Congratulations on your success! You’re no longer needed.

After a number of years in the knowledge management space, I have come to realize that I know I am successful when I am no longer needed in the role I was hired to play. KM professionals generally get hired to “fix” things – better content management or search capabilities; better processes for storytelling and sharing; better mechanisms to capture tacit knowledge or connect people to people.

Once these systems, processes and expectations have been communicated and integrated into the way people work, what then? The goal for every KM professional is to work yourself out of a job.

KM professionals are like organizational SWAT team members – they come in, assess the situation, set up culture-appropriate processes, measure success and move on to the next opportunity whether it be within the same organization or a different one.

This is a scary proposition in a down economy…the fact that if I do my job right, I won’t have one in the future. But, I think it is the true test of success. Having KM processes and systems part of a culture and a way of doing business really ought to be our ultimate goal.

Now, this can take years…especially if leadership desires change that may not be indicative of the current culture but of a future state they envision. So, we can probably relax a little as we all certainly have work to do. However, we should always be looking for future opportunities to fix and depart from.

Initiative Overload: Is Less Really More?

How many of us are already on initiative overload and it’s the third week of January? It seems the economy and the need to sustain business has catapulted leadership to focus on too many “things” right out of the gates. New tools, new processes, new roles, new strategies, new products, new programs. While some of these might be necessary, I think we have lost our ability to prioritize.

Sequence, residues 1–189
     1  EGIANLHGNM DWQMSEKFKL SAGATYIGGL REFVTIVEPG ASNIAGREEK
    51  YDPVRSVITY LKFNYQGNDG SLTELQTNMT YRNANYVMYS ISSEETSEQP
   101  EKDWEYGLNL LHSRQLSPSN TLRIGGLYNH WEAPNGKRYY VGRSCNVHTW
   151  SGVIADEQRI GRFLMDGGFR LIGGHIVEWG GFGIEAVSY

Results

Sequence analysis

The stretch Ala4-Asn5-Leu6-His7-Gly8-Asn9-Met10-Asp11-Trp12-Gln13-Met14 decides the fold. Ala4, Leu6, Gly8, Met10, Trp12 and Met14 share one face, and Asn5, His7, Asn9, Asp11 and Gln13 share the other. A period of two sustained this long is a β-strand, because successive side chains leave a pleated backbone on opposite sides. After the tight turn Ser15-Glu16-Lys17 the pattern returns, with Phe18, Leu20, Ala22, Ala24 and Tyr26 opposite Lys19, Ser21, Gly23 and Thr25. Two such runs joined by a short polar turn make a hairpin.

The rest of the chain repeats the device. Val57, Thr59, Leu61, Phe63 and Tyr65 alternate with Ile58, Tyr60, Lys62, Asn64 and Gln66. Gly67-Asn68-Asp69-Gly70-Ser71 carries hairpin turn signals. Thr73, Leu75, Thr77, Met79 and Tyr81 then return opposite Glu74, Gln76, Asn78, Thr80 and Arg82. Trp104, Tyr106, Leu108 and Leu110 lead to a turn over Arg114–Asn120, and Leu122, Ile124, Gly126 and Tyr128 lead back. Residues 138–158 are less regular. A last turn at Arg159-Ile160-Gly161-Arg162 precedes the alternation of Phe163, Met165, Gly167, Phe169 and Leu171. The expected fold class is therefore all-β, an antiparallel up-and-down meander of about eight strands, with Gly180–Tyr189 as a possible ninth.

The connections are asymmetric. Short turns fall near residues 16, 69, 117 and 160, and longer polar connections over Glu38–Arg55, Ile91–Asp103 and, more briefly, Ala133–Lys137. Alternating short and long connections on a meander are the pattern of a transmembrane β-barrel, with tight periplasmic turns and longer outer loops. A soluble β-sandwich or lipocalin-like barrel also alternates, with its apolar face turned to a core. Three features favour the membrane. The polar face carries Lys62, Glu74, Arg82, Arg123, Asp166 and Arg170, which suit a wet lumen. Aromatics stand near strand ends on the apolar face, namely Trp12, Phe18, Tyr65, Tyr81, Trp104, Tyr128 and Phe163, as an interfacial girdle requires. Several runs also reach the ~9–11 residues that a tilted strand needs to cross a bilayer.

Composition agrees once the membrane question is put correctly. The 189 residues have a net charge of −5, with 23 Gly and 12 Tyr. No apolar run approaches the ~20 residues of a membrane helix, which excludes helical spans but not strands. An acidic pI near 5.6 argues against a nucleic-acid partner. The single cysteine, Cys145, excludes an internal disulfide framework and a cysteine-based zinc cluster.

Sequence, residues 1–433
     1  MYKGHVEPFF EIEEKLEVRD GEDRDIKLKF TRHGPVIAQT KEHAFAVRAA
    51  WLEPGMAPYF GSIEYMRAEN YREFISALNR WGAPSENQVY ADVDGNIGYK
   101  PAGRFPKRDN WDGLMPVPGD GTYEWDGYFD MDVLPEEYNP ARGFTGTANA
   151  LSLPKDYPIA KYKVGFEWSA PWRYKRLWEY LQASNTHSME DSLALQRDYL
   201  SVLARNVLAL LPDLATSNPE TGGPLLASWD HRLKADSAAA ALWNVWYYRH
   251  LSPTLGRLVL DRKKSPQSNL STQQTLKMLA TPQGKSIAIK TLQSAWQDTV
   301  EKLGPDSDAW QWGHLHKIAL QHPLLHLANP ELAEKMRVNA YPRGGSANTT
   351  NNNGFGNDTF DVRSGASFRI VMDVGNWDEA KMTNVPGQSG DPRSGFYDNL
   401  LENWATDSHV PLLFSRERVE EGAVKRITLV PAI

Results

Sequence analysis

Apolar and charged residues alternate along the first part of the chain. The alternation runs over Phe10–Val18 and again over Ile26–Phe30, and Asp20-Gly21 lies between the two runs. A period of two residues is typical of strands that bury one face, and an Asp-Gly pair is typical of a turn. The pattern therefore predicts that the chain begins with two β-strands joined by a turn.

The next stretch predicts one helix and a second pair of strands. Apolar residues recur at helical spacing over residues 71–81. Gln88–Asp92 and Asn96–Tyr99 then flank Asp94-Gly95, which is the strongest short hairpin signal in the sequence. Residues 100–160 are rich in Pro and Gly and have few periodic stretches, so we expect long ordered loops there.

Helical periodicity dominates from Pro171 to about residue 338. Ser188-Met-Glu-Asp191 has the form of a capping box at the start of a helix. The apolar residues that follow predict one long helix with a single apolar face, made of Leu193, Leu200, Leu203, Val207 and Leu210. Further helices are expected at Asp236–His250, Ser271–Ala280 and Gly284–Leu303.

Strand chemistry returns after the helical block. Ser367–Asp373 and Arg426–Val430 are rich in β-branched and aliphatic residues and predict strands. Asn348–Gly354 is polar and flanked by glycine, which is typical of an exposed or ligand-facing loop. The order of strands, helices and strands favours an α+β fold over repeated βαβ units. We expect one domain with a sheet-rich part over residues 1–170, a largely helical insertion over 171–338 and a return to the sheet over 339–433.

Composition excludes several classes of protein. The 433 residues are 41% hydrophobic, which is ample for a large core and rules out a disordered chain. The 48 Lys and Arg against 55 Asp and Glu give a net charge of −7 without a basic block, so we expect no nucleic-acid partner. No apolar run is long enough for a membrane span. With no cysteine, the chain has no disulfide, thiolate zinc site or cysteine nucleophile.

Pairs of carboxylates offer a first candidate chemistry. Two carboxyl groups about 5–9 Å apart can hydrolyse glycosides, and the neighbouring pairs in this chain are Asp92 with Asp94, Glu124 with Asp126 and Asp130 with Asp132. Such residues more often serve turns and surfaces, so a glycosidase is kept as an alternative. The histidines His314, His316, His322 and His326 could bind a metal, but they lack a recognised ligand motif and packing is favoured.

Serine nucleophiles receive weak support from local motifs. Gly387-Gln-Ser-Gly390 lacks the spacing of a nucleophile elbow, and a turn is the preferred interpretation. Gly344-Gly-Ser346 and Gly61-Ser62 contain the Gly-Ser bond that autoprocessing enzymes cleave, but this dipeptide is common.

Prioritization takes a huge amount of discipline. Many of us can see 50 feet in front and know what needs to be done to be successful. But, we only have so many resources to get it done. I don’t think a person can be successful if they are so splintered.

One of my favorite quotes I learned in business years ago is: “What gets measured, gets done.” Measurement takes a lot of effort. I mean true measurement. Not just logins, hits or activities but true measurement of success based on business goals.

I argue that focusing on 3 real priorities with real plans, measures and follow-up will yield more success than having a list of 20 projects to do. But, sometimes, that philosophy is not embraced. Being busy and churning out work justifies our existence. But, does it?

Establishing performance measures tied to business results will force a conversation about prioritization. It all starts there. Many of us will have to lobby for the less is more approach, and you can do so by showing what will be measured and what impact the less approach will generate vs. an endless task list.

My hope for this new decade is a focus on less. Less is better. Less is achievable. Less is necessary.

Should I Measure if No One Asks?

I have seen many measurement models to determine the value of knowledge management and learning. The trick is to have a methodology to measure whatever you say will be the result. Many of you are probably saying: “Of course! This is nothing we don’t know.” You’d be surprised how simple and oftentimes that important point is missed. If you say you will save time, then you need a baseline and post-measure of time spent. If you say you’ll move the financial needle either in cost savings or revenue generation, then be careful what you state. You will have to measure that!

I have noticed in today’s fast-paced environment, some leaders don’t have a tolerance for capturing a baseline. They are okay with just surveying people afterward to see if they are satisfied with the new tools. On one hand, we could feel blessed that we are not always asked to prove ROI as that is a difficult thing to do. However, spending a little time to capture a baseline is a battle worth fighting.

Even if management doesn’t ask for measurement, do it. You never know when you might be asked down the line. “How successful was that intranet re-design?” “Do we know how much time people actually saved with these tools?” I have been in that situation before where measures weren’t expected but then a year later, an executive wanted to report on results to the board or upper management.

Two Rules of Thumb

DON’T attempt to measure ROI or IRR unless it is required. (I know…the easy way out but there is no reason to cause yourself undue pain. However, get agreement on this up front!)
DO set up activity, usage, time, satisfaction and other targets before you begin making changes and measure after changes have been implemented. If nothing else, you have evidence in your hip pocket  should you need it.